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What You Need To Know About NFTs

What You Need To Know About NFTs

Friday, February 11, 2022/Categories: Investing & Planning

If you’ve paid attention to current events over the past couple of years, you've probably heard of NFTs. If you're like most people, however, you probably have only a vague idea of what they are. For starters, NFT stands for Non-Fungible Token. In English, that means an NFT is simply a unique unit of data. An NFT can represent literally anything, from a digital image to a video clip to a patch of skin on someone's arm. You read that correctly, a tennis player has sold a region of their skin as an NFT. To understand what that means, it's important to know what an NFT is and what it isn't. 

What is confusing to many people but is critical to note is that owning an NFT does not confer any rights to whatever is represented by the NFT. Owning an NFT of an image does not prevent anyone else from copying or using the image, and owning an NFT of someone's skin does not provide physical ownership of that skin or rights to do anything with that skin. The owner of the skin NFT cannot force the tennis player to get a tattoo or do anything else with their body. 

If not ownership of the asset itself, what does an NFT provide? In essence, an NFT is simply an entry in a ledger. This entry is associated with something specific (again: an image, a sports highlight, an audio clip, etc.), but all the owner truly has rights to is the ledger entry itself. But what's the point? It is true that, like cryptocurrency, Blockchain technology is used to store and authenticate the ledgers of NFTs. In simple terms, this means that the data used to verify who owns which NFT is distributed among a series of computers and users in the Blockchain community. In theory, this makes the process more secure since no one person or piece of hardware controls the data. While an interesting new form of data storage and authentication, the Blockchain itself doesn't really add value to the actual NFT. 

So then, where is the value in an NFT? That's the tricky question. What many don't want to admit is that there is no inherent value in an NFT; they represent speculation in its purest form. The main reason to own an NFT is the hope that someday, someone might pay you more for it than it originally cost you. Think Beanie Babies without the physical toys themselves, shares in company stock without the opportunity to earn dividends or vote in shareholder meetings, cryptocurrency that can't be used to buy anything, or those services that let you buy a star or part of the moon. Each NFT could simply be given a number (imagine owning NFT 378652 instead of owning an NFT of the last play in the 2016 World Series), but tying each NFT to something memorable provides a recognizable identifier and some perhaps misplaced optimism that someone might want to buy your NFT. Why would anyone buy your NFT? Simply because they share the same optimism that eventually they themselves can sell it for even more.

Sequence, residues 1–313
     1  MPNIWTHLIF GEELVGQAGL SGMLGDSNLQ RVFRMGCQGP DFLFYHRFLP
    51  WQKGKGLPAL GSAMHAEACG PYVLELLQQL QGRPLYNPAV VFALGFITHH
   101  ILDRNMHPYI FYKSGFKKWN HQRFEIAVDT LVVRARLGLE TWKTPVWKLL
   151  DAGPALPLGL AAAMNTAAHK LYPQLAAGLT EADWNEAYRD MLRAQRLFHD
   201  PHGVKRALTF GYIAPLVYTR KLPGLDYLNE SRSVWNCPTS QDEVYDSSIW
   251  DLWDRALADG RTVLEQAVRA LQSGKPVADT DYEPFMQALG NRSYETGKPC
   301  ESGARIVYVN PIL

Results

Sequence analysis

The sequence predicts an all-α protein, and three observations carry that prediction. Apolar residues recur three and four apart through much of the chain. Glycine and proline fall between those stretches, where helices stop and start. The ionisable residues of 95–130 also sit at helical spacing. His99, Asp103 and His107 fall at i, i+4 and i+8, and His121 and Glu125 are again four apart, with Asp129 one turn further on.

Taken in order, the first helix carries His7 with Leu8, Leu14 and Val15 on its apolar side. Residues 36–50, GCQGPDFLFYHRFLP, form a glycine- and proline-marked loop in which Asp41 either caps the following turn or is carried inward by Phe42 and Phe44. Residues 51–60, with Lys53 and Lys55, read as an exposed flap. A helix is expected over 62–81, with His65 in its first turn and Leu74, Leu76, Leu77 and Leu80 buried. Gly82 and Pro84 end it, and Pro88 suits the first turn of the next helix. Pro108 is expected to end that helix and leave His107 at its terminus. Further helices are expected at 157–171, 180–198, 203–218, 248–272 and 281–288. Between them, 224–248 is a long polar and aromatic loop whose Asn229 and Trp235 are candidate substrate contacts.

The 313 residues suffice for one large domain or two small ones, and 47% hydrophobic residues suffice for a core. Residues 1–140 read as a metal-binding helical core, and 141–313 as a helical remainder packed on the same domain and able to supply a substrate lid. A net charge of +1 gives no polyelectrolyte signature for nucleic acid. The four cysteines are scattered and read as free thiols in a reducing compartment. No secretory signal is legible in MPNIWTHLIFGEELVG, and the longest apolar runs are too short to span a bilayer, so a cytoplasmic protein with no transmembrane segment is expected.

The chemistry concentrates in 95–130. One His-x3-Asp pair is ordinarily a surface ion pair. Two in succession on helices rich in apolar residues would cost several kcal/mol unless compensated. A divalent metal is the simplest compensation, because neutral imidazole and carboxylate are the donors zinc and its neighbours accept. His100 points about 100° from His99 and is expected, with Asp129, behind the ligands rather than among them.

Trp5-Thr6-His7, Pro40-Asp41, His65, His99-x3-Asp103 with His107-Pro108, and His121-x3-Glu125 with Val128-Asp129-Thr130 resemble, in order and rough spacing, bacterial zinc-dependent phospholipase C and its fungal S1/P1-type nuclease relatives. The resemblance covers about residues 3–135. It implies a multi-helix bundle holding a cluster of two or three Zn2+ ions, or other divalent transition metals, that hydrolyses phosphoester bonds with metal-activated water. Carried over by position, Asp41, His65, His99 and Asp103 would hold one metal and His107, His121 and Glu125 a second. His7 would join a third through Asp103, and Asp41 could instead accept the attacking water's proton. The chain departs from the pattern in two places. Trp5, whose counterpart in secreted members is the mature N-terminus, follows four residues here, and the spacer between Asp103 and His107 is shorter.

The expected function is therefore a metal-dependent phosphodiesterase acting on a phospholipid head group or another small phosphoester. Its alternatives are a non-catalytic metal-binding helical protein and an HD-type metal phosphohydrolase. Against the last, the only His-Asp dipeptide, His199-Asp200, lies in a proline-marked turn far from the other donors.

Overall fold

To be sure, there are other reasons someone might be interested in NFTs. One of the most disturbing is that buyers may not truly understand what they're getting into. So often, new technology that seems impenetrable (e.g., Bitcoin) can absolutely explode in value, leaving people who knew about it but never engaged wishing they'd gotten in on the ground floor. So often, tech-adjacent people see the hype surrounding a new concept, read a few encouraging comments by some ostensibly intelligent CEO or rocket manufacturer, and assume those people are both correct and have the public's best interest at heart. Unfortunately, what often happens is that people who spent more than they can afford to lose are left holding the bag. There is also the possibility that NFTs will be used for more nefarious reasons by the financial elite, such as tax dodging and fraud schemes common to the fine art world. 

While it is true that many digital artists benefit from the ability to sell their work as NFTs, it seems naïve to believe that some of these artists aren’t taking advantage of their buyers. On the bright side, NFTs generally have a high barrier of entry, with prices in the tens of thousands or even millions of dollars. In general, this prevents many people from gambling away too much money. However, there are exchanges like the NBA's Top Shot system which allow users to buy NFTs for as little as a few dollars. 

For someone with millions of dollars looking to invest, an NFT could represent a new method to diversify holdings, albeit a method with significant risk. It seems likely that public enthusiasm over NFTs will fade over time (prices and transactions already plummeted off a cliff in the summer of 2021), so holding NFTs as an investment for the long term is a dubious proposition at best. In short, unless you have plenty of money to burn, NFTs may not be the most solid investment choice for the average person. It may be best to stick with the more traditional investments. If you’re looking for direction, talk to our team at Andover Bank - they can help steer you towards safer investments and away from the more risky and trendy ones!